Home' Air Force News : March 3rd 2011 Contents If you're leaving the ADF or you've been separated for some time,
touchbase is a handy online resource to help you and your family.
Out of the Service,
but still in touch.
March 3, 2011
CLOCK WATCHING: Focusing training sessions on speed and intensity can
help improve run times.
Photo: CPL Aaron Curran
IF YOUR run time isn't what it used to
be there are some steps you can take to
increase your pace and improve your
The two most common symptoms
when diagnosing slow run times are:
You run out of puff -- start well, slow
down, then walk.
Just can't run faster, but could keep on
Run out of puff
If you do not have the aerobic fitness
to maintain a given pace, your body must
start working anaerobically. Although
good for short, high-intensity events, this
system becomes inefficient very quickly.
Solution: There are several training
methods, but here we'll cover the two
most common -- continuous running and
The most common form of continu-
ous running training is long slow distance
(LSD) -- running continuously at a steady
pace (which may mean reducing your run
speed). LSD is the keystone method for
developing base aerobic fitness and pre-
paring the body for more arduous training.
Run session example:
Run continuously for 10 minutes,
building up to 20 minutes through sev-
Fartlek training, which is Swedish for
speed play, involves changing speed and
distance with the option to make slow or
fast distances and times longer or shorter
during the session. Fartlek training is a
progression from LSD and can increase
your run speed.
Run session examples:
400m slow pace, 100m medium, 50m
Three minutes slow pace, one minute
medium pace, 30 seconds fast pace,
Just can't run faster
The potential cause of this scenario is a
lack of leg speed, often due to always run-
ning at a given pace.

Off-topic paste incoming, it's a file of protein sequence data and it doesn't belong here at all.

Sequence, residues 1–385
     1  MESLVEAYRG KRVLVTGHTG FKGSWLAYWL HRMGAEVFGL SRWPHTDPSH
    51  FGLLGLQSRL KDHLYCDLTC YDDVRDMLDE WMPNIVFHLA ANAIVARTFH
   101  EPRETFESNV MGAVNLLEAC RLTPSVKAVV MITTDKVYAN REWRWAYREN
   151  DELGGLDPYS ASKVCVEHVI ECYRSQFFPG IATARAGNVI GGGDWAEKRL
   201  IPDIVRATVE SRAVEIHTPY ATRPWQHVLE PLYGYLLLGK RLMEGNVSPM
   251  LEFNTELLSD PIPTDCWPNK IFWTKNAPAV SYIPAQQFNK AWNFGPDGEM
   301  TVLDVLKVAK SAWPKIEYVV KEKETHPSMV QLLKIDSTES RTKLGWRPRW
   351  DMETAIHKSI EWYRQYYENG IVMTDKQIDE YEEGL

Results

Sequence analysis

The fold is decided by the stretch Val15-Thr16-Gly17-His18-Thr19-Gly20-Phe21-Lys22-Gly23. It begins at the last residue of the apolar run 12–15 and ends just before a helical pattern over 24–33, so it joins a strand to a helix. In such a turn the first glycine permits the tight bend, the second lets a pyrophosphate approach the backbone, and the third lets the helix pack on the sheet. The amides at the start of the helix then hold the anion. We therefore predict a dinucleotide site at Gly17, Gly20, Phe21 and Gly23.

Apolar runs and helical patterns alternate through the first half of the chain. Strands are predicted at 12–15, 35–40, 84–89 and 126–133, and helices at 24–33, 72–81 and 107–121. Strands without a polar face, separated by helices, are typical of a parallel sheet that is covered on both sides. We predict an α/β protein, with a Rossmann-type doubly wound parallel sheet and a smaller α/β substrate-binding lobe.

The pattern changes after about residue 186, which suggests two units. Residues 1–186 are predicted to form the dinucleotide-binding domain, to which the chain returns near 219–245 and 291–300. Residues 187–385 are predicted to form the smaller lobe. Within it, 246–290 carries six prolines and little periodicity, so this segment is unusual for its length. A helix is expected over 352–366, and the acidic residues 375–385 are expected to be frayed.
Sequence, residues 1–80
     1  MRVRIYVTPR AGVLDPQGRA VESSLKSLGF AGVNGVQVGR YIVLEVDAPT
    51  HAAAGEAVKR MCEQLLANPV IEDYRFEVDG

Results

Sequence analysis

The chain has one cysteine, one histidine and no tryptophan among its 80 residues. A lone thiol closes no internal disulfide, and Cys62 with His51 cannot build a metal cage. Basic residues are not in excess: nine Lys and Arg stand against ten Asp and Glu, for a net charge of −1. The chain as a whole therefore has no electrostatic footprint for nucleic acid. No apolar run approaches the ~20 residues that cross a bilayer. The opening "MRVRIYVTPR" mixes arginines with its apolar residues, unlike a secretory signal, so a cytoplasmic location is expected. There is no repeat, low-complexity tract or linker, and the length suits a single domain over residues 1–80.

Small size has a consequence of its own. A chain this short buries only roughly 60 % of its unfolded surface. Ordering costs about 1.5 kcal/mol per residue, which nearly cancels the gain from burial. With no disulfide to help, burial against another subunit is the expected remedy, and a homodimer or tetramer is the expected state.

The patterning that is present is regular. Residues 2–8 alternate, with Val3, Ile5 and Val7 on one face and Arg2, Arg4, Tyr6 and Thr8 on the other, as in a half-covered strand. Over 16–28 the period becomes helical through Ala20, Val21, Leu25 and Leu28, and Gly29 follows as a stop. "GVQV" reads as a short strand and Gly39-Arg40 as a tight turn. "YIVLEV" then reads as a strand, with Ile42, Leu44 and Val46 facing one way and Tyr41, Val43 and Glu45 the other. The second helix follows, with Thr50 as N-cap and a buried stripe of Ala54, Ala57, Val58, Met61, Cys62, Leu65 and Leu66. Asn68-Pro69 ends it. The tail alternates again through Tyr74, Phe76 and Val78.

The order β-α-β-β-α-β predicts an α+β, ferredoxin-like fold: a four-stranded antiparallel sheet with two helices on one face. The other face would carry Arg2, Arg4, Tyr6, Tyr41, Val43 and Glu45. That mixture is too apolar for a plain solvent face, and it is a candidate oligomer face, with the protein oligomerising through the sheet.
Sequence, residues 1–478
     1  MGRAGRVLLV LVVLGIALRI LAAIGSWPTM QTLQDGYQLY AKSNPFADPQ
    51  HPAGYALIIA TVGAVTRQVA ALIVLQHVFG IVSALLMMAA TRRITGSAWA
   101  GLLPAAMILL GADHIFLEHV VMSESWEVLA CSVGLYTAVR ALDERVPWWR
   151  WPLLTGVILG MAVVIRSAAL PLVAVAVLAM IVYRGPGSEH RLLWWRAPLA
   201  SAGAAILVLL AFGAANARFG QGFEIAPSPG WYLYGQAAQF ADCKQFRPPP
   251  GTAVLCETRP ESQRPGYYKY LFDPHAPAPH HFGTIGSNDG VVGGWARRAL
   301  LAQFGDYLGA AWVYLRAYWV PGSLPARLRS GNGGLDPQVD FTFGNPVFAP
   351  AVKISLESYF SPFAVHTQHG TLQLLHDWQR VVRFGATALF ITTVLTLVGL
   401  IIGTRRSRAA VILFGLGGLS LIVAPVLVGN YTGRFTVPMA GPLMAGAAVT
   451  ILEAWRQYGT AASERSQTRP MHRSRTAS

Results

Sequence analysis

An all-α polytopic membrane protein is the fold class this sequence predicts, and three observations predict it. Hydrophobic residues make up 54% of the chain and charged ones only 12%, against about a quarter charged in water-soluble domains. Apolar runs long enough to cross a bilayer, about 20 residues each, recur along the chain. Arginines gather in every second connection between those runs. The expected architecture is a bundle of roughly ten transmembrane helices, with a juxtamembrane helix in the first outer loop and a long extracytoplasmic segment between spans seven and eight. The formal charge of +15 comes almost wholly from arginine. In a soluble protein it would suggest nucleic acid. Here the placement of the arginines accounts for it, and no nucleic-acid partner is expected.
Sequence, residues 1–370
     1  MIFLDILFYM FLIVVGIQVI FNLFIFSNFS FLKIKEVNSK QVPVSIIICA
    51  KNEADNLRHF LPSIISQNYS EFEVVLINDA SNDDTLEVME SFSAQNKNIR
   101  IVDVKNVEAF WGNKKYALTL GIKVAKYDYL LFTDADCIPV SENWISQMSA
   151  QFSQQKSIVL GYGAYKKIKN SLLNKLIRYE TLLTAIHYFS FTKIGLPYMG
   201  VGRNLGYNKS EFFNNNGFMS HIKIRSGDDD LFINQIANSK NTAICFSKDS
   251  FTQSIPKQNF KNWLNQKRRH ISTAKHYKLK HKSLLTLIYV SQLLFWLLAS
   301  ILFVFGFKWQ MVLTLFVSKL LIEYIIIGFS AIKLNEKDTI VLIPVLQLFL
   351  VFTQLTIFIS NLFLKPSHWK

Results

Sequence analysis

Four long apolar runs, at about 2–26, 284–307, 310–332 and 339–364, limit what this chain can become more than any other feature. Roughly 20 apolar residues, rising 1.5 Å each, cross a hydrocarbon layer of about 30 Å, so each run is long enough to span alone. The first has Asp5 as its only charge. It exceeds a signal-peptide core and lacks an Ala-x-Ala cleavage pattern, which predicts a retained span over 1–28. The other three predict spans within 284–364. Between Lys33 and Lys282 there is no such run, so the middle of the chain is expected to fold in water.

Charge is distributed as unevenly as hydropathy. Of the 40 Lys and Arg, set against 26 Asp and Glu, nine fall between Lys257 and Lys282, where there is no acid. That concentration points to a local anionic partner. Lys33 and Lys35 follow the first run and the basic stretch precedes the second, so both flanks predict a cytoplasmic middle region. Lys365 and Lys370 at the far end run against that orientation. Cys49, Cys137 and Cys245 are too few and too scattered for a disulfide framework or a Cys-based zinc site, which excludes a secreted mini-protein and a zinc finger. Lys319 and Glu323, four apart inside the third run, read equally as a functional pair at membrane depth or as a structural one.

This in turn develops a motor pattern for
running, which is consistent and efficient,
but currently too slow.
Solution: The most effective means of
increasing leg speed is to practice running
at faster speeds. Interval training is one of
the best options in this scenario. Interval
training mixes periods of fast running over
short distances with standing recovery.
Interval training is intense and should only
be completed once every one or two weeks,
when free from injury and with a solid LSD
and Fartlek base. See a PTI for more guid-
ance for your specific needs.
Run session example:
Four 400m intervals. Build up to six or
add some 200m intervals over several
training sessions. 1:2 ratio where stand-
ing recovery time is twice as long as
your run time. Target run time for the
400m is 10 seconds faster than your
last 2.4km time divided by six.
Progression and maintenance
To develop the conditioning to run
faster takes time, so several weeks of
continuous running should be performed
before introducing Fartlek, which again
requires several weeks of adaptation
before advancing to interval training.
Seek PTI guidance to mold these solu-
tions to your ability.
If you're taking longer to complete the 2.4km run after returning from a holiday,
or if you just want to do it faster, LT Rob Orr may have the answer.
Links Archive February 17th 2010 March 17th 2011 Navigation Previous Page Next Page